Restaurant & Hospitality Industries Update
We are pleased to send you this review of cases and legal issues from the past year that we believe are interesting and instructive for members of the Restaurant & Hospitality Industries.
SURPRISING RESULTS: RESTAURANT NAMES AND DECOR
1. Restaurant name claimed to infringe
Carl’s Jr. Restaurants has used its GREEN BURRITO trademark in various forms for over 600 quick-service restaurants that it owned or franchised in the U.S., in many cases together with its CARL’S JR. mark. It opposed an application by AKM Food Svcs. to register THE GREEN PEPPER (in plain lettering) also for restaurant services. The only issue to be decided was likelihood of confusion if a customer familiar with a Carl’s Jr. GREEN BURRITO restaurant were to come across an AKM THE GREEN PEPPER restaurant. What do you think?
The TTAB did its usual step-by-step analysis of the relevant factors for finding likelihood of confusion. Since the applicant showed its mark in plain lettering, the TTAB assumed it could appear in any form of display for any type of restaurant. Although this technical approach does not take into account real world factors, the TTAB found that the identity of services, trade channels and purchasers weighed heavily in favor of a finding of likelihood of confusion. Although it found the evidence insufficient to establish that GREEN BURRITO was a famous mark, it found sufficient evidence to show some degree of recognition and strength, which also favored the Opposer.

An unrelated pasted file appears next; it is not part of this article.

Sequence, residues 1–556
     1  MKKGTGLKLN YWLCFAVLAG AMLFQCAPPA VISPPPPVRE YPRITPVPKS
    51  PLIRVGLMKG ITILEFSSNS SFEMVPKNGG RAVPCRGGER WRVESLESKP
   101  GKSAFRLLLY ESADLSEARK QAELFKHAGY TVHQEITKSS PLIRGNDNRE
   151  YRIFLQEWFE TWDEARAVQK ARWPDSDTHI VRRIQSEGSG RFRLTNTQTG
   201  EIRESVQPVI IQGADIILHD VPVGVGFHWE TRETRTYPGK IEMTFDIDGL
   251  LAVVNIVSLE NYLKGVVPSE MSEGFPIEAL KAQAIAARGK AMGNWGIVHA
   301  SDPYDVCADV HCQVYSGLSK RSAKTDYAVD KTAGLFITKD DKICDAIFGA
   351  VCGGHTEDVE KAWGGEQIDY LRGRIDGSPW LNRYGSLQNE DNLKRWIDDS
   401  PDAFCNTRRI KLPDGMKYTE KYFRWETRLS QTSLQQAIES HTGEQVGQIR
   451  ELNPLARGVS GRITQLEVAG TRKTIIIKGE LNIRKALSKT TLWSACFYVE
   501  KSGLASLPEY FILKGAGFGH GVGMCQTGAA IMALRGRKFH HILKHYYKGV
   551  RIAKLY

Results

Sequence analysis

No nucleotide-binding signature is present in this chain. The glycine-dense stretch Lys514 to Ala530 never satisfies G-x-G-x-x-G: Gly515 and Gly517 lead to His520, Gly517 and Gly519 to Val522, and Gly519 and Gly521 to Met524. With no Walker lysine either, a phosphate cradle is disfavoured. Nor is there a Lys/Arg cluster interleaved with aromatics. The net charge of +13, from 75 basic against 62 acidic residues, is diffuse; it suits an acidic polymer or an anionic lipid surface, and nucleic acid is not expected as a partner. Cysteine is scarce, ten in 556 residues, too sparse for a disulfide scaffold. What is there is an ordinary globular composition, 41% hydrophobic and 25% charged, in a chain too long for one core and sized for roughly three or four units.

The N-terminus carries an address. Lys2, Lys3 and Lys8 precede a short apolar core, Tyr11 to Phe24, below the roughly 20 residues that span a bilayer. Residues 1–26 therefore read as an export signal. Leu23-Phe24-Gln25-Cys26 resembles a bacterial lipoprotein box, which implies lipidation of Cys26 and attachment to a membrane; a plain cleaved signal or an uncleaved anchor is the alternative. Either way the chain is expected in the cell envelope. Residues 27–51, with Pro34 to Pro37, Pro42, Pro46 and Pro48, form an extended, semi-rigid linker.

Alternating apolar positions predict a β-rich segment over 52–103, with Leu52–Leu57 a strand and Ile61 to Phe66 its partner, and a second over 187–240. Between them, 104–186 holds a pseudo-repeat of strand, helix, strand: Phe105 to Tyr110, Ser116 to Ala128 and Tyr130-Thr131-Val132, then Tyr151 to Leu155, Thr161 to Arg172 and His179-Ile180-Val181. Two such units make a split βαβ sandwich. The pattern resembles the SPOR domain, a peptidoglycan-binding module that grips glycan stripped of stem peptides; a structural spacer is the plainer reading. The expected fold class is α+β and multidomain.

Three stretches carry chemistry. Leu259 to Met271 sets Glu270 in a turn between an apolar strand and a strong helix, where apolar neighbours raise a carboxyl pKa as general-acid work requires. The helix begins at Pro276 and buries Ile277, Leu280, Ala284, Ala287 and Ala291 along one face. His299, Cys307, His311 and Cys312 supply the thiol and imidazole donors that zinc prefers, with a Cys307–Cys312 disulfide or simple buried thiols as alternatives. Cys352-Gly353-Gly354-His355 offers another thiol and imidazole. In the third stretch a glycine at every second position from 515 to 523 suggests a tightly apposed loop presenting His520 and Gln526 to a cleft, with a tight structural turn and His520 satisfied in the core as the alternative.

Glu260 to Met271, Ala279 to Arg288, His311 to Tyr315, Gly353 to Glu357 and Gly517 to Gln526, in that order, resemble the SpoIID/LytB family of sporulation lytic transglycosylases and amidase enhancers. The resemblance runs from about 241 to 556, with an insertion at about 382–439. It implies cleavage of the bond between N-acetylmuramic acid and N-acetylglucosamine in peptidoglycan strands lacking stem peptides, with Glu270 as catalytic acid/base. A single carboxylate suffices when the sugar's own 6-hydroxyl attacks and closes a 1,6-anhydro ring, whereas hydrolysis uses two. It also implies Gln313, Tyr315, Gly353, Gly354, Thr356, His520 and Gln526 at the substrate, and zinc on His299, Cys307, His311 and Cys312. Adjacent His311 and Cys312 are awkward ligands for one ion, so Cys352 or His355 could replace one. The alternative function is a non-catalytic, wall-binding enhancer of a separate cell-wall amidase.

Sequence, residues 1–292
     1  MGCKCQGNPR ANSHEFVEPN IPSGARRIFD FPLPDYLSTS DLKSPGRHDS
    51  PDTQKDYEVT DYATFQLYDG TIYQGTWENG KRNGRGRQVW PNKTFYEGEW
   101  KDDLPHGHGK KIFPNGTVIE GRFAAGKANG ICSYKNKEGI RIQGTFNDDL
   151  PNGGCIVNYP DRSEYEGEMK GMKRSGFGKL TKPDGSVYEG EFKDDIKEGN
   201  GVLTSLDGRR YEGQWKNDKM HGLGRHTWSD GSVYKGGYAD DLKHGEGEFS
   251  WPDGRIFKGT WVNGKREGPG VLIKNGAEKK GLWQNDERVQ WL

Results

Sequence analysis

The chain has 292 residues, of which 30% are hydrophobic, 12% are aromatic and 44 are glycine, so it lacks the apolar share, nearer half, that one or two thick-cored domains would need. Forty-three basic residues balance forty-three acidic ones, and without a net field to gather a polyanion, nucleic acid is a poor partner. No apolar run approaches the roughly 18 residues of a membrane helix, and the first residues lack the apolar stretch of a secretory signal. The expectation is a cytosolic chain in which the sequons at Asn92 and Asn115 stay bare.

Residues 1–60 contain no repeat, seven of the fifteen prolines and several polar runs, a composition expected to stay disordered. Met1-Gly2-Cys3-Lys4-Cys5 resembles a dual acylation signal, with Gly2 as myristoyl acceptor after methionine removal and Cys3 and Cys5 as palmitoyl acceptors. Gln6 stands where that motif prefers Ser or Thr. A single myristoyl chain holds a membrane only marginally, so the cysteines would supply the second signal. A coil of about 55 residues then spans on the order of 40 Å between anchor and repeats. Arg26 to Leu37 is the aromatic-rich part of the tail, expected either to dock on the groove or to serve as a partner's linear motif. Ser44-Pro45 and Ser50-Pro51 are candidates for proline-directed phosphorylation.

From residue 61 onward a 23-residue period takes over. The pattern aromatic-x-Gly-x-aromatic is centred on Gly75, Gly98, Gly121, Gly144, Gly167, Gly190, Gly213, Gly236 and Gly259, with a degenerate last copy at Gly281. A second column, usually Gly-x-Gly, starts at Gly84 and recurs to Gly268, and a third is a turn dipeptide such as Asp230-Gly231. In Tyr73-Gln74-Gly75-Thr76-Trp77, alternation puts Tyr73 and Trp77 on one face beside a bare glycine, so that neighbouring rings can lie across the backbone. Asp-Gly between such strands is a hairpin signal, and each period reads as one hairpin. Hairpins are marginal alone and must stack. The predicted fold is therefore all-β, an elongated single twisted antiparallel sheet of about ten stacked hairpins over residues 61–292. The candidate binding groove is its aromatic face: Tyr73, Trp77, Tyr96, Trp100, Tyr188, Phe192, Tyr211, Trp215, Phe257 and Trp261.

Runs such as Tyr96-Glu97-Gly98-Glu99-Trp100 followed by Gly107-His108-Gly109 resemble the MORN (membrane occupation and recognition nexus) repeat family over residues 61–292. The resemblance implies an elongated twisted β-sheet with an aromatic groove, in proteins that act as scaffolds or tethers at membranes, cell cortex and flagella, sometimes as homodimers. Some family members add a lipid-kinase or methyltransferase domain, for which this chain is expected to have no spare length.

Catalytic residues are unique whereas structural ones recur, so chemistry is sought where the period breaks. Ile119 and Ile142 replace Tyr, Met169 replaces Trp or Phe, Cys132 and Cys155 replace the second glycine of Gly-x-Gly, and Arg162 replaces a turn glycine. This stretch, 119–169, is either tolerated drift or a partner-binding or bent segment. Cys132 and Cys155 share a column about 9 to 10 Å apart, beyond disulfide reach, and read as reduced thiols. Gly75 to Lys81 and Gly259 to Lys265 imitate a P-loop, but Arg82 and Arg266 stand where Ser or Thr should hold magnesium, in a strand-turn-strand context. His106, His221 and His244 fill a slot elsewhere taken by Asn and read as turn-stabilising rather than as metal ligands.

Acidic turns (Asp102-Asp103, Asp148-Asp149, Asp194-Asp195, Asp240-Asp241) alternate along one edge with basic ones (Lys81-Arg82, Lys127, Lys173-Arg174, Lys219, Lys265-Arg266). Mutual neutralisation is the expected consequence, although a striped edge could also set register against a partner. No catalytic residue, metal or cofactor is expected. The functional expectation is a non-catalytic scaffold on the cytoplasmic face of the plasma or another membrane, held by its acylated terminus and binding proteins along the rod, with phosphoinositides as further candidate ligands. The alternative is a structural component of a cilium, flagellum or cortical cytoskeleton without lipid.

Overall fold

The TTAB then compared the marks themselves, noting that similarity in appearance, sound, connotation or commercial impression would be sufficient to favor the Opposer. In this case, it found that GREEN was dominant because it was the first word in both marks, while the second word in each mark was descriptive of an item of, or ingredient in, Mexican food.